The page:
Having been away from the family estate and his beloved sister Barbara for a year, handsome young nobleman Lionello (Mark Damon) returns to a shock: Barbara (Claudia Gravy) has married the older Giordano (Aldo Bufi Landi) in his absence.
The issue is more than one of brotherly concern; in any case Giordano is a suitable husband in every respect, cultured, considerate and embodying all the virtues of his class. Rather, it is that Lionello, whose nerves have always been somewhat fragile in any case, has incestuous longings towards his sister.
It may be merely a coincidence, but Lionello's return also coincides with a series of murders, beginning with a prostitute, Dolores, in town and continuing with one of the family's own servants, the maid Gisella. In both cases the killer's modus operandi is the same, the victim having been killed by a precise strike to the neck from a distinctive three bladed weapon.
Coupled with a number of other signs – the sight of a white horse, a tremor – it leads the local priest to suspect that a demon, Byleth, may be abroad on the earth and in their midst.
Lionello the voyeur #1
Meanwhile, Barbara and Giordano have invited the beautiful Floriana (Silvana Pomilli) to come stay with them, in the hope that a romance with Lionello might blossom or, if not, that her presence will at least keep him from brooding on things...
Lionello the voyeur #2
Written and directed by the enigmatic Leopoldo Savona, Byleth – il demone dell'incesto is one of the more ususual possession-themed films to come out of Italy in the 1970s on account of its historical rather than contemporary setting and the nature of its victim. Both these distinctions can presumably be put down not only to the film's pre-Exorcist origins but also its somewhat more aspirational nature, whereby the sex side of the sex and horror material is often framed in the context of Lionello's sickness and voyeurism in a way that makes us aware of our own 'sinfulness'.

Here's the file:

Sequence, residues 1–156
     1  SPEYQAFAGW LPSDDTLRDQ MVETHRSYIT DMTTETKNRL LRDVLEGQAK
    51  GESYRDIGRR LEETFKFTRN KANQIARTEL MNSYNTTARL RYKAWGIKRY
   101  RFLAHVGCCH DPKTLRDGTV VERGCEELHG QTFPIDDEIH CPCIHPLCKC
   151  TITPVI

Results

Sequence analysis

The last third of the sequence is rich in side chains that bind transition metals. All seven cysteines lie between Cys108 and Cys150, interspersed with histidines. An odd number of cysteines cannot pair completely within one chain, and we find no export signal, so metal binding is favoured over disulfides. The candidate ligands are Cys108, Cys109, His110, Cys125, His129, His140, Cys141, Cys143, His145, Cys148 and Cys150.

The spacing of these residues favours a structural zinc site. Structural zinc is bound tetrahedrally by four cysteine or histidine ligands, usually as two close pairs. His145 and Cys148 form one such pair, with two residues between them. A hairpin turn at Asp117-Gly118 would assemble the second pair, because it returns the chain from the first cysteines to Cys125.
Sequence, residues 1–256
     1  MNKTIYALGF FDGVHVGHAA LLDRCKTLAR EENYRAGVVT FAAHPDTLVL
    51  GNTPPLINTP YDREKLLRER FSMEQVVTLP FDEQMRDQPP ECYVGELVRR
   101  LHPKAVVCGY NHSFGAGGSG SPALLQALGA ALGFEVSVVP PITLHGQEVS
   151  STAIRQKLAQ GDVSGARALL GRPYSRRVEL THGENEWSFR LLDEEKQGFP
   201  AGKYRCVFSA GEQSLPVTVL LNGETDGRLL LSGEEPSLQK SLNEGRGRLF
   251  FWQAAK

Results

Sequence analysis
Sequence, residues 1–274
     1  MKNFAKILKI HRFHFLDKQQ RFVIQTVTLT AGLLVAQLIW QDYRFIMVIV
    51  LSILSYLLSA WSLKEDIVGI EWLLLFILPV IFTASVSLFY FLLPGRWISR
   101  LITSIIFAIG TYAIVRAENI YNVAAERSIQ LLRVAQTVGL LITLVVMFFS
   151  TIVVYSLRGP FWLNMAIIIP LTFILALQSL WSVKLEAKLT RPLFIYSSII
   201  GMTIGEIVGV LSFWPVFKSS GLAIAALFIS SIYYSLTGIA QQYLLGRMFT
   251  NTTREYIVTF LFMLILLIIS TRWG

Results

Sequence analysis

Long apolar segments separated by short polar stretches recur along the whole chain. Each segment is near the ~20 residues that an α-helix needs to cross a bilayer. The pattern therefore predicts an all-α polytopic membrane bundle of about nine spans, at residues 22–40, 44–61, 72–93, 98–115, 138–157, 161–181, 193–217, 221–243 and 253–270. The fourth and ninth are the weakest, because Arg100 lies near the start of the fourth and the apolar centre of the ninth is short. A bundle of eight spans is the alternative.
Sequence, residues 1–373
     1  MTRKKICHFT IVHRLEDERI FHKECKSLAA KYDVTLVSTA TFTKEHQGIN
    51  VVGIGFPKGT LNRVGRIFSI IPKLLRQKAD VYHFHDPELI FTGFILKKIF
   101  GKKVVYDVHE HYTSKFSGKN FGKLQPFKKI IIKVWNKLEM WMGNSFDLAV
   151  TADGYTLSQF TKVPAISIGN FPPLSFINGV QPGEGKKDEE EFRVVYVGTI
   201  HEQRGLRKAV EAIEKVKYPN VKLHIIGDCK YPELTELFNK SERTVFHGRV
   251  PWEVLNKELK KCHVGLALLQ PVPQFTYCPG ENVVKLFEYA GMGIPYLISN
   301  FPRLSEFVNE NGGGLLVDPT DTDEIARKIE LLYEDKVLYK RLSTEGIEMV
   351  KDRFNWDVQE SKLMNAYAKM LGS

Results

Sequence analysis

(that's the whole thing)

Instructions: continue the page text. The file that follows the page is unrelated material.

Lionello the voyeur #3
The evocation of period detail is effective, with some nice details like the investigator's suspicion that the prostitute's murderer may be one of the Carbonari or Barbara's discussion of the thrill of travelling on a fast-moving train and of visiting Venice and Rome.
Thought at times reminiscent of Bava's Kill Baby Kill, with Savona also using zooms and close-ups to underscore key moments, the film lacks the same kind of clash between modern and traditional beliefs, with the idea of demonic possession being accepted more matter of factly after it is raised – a distinction that can be attributed to the film's being set 70 or 80 years earlier, at a point in history where the connections between madness and religion were that bit stronger, even among the educated elite.
Although Byleth also lacks Kill Baby Kill's more obviously expressive use of colour, its own colour palette seems somewhat worked-through, with natural shades predominanting to cloak many scenes in a sepia tone equally suggestive of hazy nostalgia of Barbara and Lionello's childhood games and the suffocating weight of the same past in the present where they are now forbidden, taboo.
From innocent play to something more serious in two minutes – Lionello and Barbara
Another obvious point of comparison is Joe D'Amato's undeniably muddled but haunting Death Smiles on a Murderer, with which the film shares its incest theme and that general air of decadence and malaise.
Giallo or gothic imagery?
Though perhaps inconsistently directed overall – a set-piece friendly duel turned competitive between Lionello and Giordano is full of dynamic camera movements and cutting, whereas expository scenes tend to remain bland and by the numbers – and lacking in a strong detective subplot or central character to engage the less committed viewer, Byleth works nicely when taken as a mood piece in which atmosphere is prioritised over shock and suspense.